Eliminating Surface Roughness in Electronic Substrates
Surface roughness is a property that defines the three-dimensional (3D) structure of a substrate’s uppermost surface layers. It is a complex characteristic that is typically characterized by material-specific features or process marks – or a combination of the two. In the context of electronic substrates, surface roughness is an intermediary property that must be eliminated through a careful and highly technical, chemically-assisted polishing processes.
In this blog post, we will explore the elimination of surface roughness from electronic substrates in more detail.
The Problem with Surface Roughness
The problem with surface roughness in electronic substrates is the perpetual industry trend towards device miniaturization and increased electronic density. This demands circuitry with high-performance integrated electronic features (transistors, resistors, conductors, etc.) that have mere micro- (μm) and nanoscale (nm) geometries. Tandem innovations in substrate growth and wafer extraction, and high-precision vacuum processes – such as chemical vapor deposition (CVD) and photolithography – have enabled manufacturers to successfully print extraordinary electronic subsystems in smaller formats than ever before.
Achieving Planarization of Electronic Substrates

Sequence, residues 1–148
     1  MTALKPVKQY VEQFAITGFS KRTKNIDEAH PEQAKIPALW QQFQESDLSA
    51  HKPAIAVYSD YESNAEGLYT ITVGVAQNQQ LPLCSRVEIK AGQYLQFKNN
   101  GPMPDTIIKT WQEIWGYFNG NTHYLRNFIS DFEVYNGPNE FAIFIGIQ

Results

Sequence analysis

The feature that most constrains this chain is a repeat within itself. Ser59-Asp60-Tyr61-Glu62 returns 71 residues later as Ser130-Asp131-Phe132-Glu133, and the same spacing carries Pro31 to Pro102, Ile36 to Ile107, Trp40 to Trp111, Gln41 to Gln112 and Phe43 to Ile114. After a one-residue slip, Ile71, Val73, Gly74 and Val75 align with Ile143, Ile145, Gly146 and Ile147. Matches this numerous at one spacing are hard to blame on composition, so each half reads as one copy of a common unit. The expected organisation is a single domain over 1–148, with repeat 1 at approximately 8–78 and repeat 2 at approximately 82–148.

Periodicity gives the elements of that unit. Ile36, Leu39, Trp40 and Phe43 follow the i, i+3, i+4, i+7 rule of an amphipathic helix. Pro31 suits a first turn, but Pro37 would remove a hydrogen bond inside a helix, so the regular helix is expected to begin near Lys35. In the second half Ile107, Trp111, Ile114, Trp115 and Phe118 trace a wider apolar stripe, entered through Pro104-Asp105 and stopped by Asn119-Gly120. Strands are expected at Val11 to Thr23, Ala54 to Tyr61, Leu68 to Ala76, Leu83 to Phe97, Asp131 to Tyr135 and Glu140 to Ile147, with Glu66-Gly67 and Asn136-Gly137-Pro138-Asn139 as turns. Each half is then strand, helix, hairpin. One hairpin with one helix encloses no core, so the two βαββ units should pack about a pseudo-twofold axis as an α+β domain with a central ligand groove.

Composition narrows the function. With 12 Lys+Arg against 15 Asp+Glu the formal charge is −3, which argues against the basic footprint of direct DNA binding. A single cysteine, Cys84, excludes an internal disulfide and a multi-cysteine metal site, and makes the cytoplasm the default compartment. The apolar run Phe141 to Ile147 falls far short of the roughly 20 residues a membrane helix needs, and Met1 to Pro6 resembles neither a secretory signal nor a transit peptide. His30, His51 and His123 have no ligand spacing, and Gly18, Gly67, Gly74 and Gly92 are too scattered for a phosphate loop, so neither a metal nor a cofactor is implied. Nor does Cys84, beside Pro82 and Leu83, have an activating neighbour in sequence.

This precision mandates absolute planarity, as even sub-microscale material features can influence key desirable properties of electronic substrates. Tests have found links between surface roughness and poor adhesion, electrical properties, wettability, and more. Contributing features may include process scratches propagated from slicing, sawing, and preceding polishing steps, or simply natural roughness from the substrate’s microstructure.
Chemical mechanical planarization (CMP) is a critical enabling technology in the field of semiconductors and printed electronics. It provides the means for chemically-assisted polishing that eliminates the risk of creating new surface defects due to abrasion by polishing pads or abrasive particles. This comes down to the use of compound slurries that suspend hard-wearing particles in an appropriate solution, facilitating desirable chemical reactions at the substrate interface which create structurally weaker compounds that can then be removed via abrasion.
Saint-Gobain Surface Conditioning offers a range of slurries suitable for multiple steps in the CMP process, from the pre-polish stage onwards. The format of these is dependent on the substrate material in question, but we can reliably provide a suite of polishing slurry solutions for a comprehensive range of materials.
Eliminating surface roughness in your electronic substrate must be handled holistically. At Saint-Gobain, we operate on a customer-first basis to carefully match the right product to the right process. If you would like more information about how to eliminate surface roughness in your proprietary substrates, simply contact a member of the Saint-Gobain team today.